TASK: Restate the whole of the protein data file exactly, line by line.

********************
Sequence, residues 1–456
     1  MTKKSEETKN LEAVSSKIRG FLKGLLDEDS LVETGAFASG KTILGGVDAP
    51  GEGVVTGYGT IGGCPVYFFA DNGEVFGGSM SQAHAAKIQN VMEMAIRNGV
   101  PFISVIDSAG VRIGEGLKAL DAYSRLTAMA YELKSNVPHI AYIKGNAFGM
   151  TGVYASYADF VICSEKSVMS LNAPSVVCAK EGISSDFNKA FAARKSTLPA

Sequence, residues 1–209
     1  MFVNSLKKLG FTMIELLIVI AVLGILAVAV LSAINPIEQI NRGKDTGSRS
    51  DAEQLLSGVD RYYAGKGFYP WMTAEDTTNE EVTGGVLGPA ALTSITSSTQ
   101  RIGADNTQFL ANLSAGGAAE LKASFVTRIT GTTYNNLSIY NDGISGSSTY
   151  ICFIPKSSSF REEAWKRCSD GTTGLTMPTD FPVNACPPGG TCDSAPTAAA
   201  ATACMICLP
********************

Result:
Sequence, residues 1–456
     1  MTKKSEETKN LEAVSSKIRG FLKGLLDEDS LVETGAFASG KTILGGVDAP
    51  GEGVVTGYGT IGGCPVYFFA DNGEVFGGSM SQAHAAKIQN VMEMAIRNGV
   101  PFISVIDSAG VRIGEGLKAL DAYSRLTAMA YELKSNVPHI AYIKGNAFGM
   151  TGVYASYADF VICSEKSVMS LNAPSVVCAK EGISSDFNKA FAARKSTLPA

Sequence, residues 1–209
     1  MFVNSLKKLG FTMIELLIVI AVLGILAVAV LSAINPIEQI NRGKDTGSRS
    51  DAEQLLSGVD RYYAGKGFYP WMTAEDTTNE EVTGGVLGPA ALTSITSSTQ
   101  RIGADNTQFL ANLSAGGAAE LKASFVTRIT GTTYNNLSIY NDGISGSSTY
   151  ICFIPKSSSF REEAWKRCSD GTTGLTMPTD FPVNACPPGG TCDSAPTAAA
   201  ATACMICLP